I like the cut of your jib is an idiomatic expression, coming from the naval past of the English language.
It is a phrase that points to the fact, that someone likes one’s general appearance, behavior or style.
“I like the cut of your jib” comes from the 16th to 17th century sailor lingo, when a jib was the first thing a spotter would look at.
A jib is a triangular sail that would allude to the nationality, direction as well as the speed of a far off ship.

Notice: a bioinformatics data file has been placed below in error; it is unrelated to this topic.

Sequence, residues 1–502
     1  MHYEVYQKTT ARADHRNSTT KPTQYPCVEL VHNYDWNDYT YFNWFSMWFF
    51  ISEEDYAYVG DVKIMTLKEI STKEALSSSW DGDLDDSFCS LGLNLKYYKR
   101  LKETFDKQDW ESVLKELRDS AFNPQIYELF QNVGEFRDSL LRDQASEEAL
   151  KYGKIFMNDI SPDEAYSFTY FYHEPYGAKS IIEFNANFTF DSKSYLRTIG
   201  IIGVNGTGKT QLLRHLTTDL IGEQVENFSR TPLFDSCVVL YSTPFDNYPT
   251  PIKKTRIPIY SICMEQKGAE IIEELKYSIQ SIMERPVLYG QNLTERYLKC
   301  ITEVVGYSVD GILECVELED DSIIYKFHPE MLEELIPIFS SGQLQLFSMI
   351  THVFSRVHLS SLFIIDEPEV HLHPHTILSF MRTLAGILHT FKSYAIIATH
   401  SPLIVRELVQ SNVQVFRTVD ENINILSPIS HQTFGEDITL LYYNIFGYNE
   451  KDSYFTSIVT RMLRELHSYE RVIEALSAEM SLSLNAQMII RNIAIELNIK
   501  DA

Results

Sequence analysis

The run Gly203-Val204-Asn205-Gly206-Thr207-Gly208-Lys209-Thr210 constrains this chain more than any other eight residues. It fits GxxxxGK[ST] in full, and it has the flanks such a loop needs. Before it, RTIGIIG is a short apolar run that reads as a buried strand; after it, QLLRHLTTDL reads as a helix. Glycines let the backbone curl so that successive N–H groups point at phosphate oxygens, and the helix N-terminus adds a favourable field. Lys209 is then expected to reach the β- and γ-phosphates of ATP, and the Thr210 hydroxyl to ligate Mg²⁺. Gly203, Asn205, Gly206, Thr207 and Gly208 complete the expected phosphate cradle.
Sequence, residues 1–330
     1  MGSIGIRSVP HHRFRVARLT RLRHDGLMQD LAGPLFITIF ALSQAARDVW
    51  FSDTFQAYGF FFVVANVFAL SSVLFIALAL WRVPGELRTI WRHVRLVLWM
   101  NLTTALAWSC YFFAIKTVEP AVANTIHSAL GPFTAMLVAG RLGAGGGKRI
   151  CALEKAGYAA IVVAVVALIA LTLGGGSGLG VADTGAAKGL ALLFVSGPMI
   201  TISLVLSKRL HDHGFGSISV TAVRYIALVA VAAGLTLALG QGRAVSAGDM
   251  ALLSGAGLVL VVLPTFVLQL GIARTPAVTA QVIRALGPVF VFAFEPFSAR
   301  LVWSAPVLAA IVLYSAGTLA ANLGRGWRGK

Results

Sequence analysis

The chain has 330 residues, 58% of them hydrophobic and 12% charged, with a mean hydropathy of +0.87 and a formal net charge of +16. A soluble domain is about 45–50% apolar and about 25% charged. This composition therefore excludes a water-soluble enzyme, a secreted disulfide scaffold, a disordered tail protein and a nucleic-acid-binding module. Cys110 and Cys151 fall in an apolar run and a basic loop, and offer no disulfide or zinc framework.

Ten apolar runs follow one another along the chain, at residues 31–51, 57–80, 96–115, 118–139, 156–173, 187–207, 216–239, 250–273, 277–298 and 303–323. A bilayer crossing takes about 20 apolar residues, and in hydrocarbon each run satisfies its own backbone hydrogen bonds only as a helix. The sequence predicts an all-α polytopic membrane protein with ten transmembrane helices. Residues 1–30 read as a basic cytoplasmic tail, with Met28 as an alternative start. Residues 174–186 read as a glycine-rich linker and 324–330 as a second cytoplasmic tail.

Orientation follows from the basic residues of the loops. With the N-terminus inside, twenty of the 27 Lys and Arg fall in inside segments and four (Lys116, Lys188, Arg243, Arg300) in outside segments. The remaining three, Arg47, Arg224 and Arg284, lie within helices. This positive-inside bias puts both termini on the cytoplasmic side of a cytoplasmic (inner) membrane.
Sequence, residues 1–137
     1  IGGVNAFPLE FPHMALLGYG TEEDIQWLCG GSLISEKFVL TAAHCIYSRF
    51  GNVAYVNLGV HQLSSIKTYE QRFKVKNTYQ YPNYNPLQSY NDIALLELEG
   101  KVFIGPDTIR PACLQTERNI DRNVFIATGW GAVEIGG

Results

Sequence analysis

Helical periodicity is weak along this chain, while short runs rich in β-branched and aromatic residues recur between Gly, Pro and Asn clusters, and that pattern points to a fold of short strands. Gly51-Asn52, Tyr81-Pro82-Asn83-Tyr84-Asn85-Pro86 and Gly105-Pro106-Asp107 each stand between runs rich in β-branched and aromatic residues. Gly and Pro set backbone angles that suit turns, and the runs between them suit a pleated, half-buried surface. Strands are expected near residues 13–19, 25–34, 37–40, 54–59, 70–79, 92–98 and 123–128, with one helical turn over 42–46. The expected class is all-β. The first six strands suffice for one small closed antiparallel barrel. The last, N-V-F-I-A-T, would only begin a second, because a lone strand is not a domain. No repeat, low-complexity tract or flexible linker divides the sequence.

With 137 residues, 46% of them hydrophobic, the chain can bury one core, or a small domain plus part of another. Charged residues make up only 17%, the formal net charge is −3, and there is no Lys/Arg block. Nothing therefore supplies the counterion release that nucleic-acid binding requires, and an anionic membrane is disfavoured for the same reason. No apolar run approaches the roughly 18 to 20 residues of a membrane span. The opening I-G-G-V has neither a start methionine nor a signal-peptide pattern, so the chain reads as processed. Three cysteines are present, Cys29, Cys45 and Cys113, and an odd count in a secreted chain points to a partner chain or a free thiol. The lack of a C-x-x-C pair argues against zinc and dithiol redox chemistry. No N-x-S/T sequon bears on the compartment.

A “cut of jib” could help deduce if a ship is friend or foe, and this fact stuck with English speakers.
The expression would start to see idiomatic use during the early 1800’s, all over the Anglosphere.
While seafaring is not nearly as common and prevalent in the world today, many people are still using “I like the cut of your jib” as a way of expressing their sympathy toward someone.
The phrase was first defined on Urban Dictionary in 2007.
- Linguaholic.com – “I like the cut of your jib”: Meaning and Usage
- Phrases.org.uk – The meaning and origin of the expression: Cut of your jib